Major overheating - 460 Ford Forum
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post #1 of 18 (permalink) Old 09-07-2009, 12:59 PM Thread Starter
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Major overheating

Ok, I've got the 72 Lincoln Mark IV with the Ford 460.

I've been having this horrible overheating issue, but funny, it seems to run perfect until you park it. Then it gets hotter. As long as the engine is running, nothing is wrong, but if you run it for a while, then kill the engine the temp gauge just jumps.

I've replaced the thermostat, even bought a lower temp one. The water pump has been checked and is perfectly fine. No loose bearings or anything like that. The radiator was just replaced by a brand new one.

I did notice, however, when replacing the radiator the fan blades were facing the cup of the blade towards the radiator. I felt behind it and it was pushing all the engine heat back through the radiator. So I flipped the blades back around, and it seemed to work for a little bit, but still overheating like a mad man.

I can't figure this out. The only things I can say (in my opinion) would be something related to it would be the fact that it does burn through oil quite a bit. And the idle is horribly choppy. Not to the point where it sputters and tries to die, but just shakes the engine like crazy until you give it gas. As soon as it receives any gas it's smooth sailing.

Anyone have any suggestions? I can't figure it out, and with over $500 put into my cooling system alone with no results, it's killing me and my wallet.
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post #2 of 18 (permalink) Old 09-07-2009, 01:13 PM
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does it have a fan clutch , but really sounds like air in the coolant system
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post #3 of 18 (permalink) Old 09-07-2009, 01:17 PM
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Temp. will go up when you first shut a motor off because the coolant stops moving.This is called heat sink.The block is still hot and it's still transfering heat to the coolant,after a while it will cool down.If your temp. is normal other wise and it isn't boiling over I wouldn't worry to much about it.Just get it tuned up make sure your timing is right.And after you drive it let it idle for a couple of minutes before you shut it off.

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post #4 of 18 (permalink) Old 09-07-2009, 01:24 PM
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Quote:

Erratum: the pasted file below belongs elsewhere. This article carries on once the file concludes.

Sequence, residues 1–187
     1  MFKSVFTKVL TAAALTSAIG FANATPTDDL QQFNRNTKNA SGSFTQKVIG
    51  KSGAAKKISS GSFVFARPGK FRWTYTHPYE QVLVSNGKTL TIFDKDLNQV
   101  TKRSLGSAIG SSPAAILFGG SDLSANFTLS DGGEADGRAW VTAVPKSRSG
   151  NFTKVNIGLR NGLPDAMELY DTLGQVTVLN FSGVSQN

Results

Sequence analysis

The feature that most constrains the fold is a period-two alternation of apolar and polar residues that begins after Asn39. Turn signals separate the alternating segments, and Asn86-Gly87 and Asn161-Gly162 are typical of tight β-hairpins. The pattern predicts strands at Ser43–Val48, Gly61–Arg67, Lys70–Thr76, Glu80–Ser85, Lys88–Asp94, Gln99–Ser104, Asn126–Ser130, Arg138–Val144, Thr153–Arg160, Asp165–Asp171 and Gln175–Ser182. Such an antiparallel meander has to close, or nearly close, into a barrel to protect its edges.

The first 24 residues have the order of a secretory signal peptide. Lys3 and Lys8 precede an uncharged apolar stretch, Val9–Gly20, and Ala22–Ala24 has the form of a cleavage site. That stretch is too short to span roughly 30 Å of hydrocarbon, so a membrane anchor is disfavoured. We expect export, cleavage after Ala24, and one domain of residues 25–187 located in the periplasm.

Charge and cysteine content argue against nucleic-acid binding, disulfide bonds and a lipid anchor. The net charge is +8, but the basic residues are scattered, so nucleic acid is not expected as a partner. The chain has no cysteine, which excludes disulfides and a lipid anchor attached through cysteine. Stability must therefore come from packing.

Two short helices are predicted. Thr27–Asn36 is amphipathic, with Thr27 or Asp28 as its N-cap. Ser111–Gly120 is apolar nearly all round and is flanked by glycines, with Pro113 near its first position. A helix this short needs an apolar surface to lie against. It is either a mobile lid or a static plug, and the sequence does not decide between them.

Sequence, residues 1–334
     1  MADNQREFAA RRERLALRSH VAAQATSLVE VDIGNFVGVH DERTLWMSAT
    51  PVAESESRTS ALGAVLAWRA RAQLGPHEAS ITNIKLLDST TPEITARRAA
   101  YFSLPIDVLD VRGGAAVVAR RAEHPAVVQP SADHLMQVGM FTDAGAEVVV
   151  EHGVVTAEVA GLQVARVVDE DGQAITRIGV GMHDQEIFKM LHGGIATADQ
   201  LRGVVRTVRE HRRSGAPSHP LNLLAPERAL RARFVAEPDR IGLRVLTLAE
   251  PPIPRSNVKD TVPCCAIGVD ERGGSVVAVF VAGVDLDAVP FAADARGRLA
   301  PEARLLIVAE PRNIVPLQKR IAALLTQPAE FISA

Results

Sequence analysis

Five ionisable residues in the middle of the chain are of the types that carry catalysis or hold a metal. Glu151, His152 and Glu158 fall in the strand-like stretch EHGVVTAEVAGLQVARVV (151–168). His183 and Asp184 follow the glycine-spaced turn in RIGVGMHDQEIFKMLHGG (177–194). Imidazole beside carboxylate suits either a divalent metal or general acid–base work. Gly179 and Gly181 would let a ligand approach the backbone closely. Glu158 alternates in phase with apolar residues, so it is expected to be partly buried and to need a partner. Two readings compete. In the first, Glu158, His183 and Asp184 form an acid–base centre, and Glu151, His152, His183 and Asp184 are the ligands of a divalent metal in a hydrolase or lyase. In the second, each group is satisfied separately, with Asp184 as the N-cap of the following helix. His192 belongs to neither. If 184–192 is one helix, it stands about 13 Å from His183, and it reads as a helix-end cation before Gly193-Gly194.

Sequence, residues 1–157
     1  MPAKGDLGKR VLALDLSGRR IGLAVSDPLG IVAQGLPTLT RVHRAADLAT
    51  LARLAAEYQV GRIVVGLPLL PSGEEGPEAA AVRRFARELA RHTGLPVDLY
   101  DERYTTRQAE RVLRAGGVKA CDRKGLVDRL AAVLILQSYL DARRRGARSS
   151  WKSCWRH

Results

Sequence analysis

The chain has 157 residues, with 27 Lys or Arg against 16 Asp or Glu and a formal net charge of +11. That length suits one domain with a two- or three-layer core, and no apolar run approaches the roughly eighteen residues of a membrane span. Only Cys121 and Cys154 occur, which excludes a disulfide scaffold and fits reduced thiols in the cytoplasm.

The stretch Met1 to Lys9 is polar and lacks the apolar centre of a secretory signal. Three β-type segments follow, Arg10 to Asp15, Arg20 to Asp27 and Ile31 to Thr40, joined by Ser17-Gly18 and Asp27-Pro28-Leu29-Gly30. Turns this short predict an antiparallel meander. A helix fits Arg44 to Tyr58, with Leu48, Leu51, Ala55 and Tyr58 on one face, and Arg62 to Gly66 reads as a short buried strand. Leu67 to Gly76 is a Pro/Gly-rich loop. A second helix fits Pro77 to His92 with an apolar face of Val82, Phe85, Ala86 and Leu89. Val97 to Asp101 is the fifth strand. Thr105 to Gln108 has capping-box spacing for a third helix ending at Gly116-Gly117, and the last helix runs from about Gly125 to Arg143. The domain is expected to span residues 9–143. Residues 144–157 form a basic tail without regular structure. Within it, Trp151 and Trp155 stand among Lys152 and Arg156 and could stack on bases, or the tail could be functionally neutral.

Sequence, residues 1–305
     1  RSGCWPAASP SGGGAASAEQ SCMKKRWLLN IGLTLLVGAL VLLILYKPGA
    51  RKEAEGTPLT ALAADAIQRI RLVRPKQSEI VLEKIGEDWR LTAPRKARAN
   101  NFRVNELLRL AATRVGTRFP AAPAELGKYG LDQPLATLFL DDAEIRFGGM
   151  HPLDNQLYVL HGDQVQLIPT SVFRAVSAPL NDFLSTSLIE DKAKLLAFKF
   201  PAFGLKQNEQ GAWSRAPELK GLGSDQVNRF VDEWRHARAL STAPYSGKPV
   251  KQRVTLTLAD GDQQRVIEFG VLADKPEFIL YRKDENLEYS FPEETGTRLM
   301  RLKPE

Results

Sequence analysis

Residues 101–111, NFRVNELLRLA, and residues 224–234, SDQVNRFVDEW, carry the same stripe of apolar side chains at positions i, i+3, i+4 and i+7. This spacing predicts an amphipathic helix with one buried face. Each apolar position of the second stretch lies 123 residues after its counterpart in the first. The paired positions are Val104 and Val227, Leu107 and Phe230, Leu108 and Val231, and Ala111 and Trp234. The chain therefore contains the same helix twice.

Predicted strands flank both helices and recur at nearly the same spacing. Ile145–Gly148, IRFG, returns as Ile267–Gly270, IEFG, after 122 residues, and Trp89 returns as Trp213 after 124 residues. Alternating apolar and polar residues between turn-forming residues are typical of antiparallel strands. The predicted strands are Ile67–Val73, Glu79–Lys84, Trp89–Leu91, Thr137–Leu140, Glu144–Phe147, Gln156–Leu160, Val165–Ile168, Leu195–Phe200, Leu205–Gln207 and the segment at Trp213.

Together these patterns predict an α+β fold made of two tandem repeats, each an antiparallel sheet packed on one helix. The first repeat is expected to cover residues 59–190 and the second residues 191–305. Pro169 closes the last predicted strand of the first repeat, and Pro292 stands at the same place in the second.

Originally Posted by imd240zman View Post
Ok, I've got the 72 Lincoln Mark IV with the Ford 460.

I've been having this horrible overheating issue, but funny, it seems to run perfect until you park it. Then it gets hotter. As long as the engine is running, nothing is wrong, but if you run it for a while, then kill the engine the temp gauge just jumps.
I've replaced the thermostat, even bought a lower temp one. The water pump has been checked and is perfectly fine. No loose bearings or anything like that. The radiator was just replaced by a brand new one.

I did notice, however, when replacing the radiator the fan blades were facing the cup of the blade towards the radiator. I felt behind it and it was pushing all the engine heat back through the radiator. So I flipped the blades back around, and it seemed to work for a little bit, but still overheating like a mad man.

I can't figure this out. The only things I can say (in my opinion) would be something related to it would be the fact that it does burn through oil quite a bit. And the idle is horribly choppy. Not to the point where it sputters and tries to die, but just shakes the engine like crazy until you give it gas. As soon as it receives any gas it's smooth sailing.Anyone have any suggestions? I can't figure it out, and with over $500 put into my cooling system alone with no results, it's killing me and my wallet.
It is normal to get a rise in a mechanical temp gauge after you shut an engine off, as there is no more cooling going on. As long as it isn't overheating while running, I would think you are okay. What temps are you seeing during drive, at idle, and then after you kill the engine? I would also check the timing with a light, borrow one if you need to.

If it idles rough and shakes until you give it some throttle, I would think that you likely have a vacuum leak. Check for bad or missing vacuum caps and hoses, if you haven't replaced them in a while.

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post #5 of 18 (permalink) Old 09-07-2009, 01:44 PM
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ther both right, its normal, i missed the part were you said it heats when you shut it off when you stopped, i thought it was when idling parked

mine always runs hot but then again at the drag strip it loves it, runs like a rapped ape at 220-230
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post #6 of 18 (permalink) Old 09-08-2009, 08:31 AM Thread Starter
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I don't think it's actually that normal

You see, yes the car has normal tendencies to overheat after the car is off. But the trigger on the car that allows the starter to turn won't engage. When the car gets too hot it stops the engine from cranking over so that it can cool to a comfortable temperature. And the way the car is acting, that can take anywhere between 1 and 3 hours. Which means I have to spend either 1 or 3 hours in Walmart if I want to buy groceries. How normal is that?
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post #7 of 18 (permalink) Old 09-08-2009, 11:43 AM
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Well you got me there,I never heard of this trigger before.But I did have a problem like that before and it was a weak starter it would turn the motor over okay when it was cold but when it was hot it wouldn't I'd have to wait an hour or so to let it cool down.The bushings on the starter shaft were worn and the armachure would ground out it sounded like a low battery.Check your timing to if it's to advance it mite give you that kind of trouble to. And give it a good tune up to like mudbogtom said you could have a vacuum issue as well.

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post #8 of 18 (permalink) Old 09-08-2009, 09:17 PM
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Quote:
Originally Posted by imd240zman View Post
You see, yes the car has normal tendencies to overheat after the car is off. But the trigger on the car that allows the starter to turn won't engage. When the car gets too hot it stops the engine from cranking over so that it can cool to a comfortable temperature. And the way the car is acting, that can take anywhere between 1 and 3 hours. Which means I have to spend either 1 or 3 hours in Walmart if I want to buy groceries. How normal is that?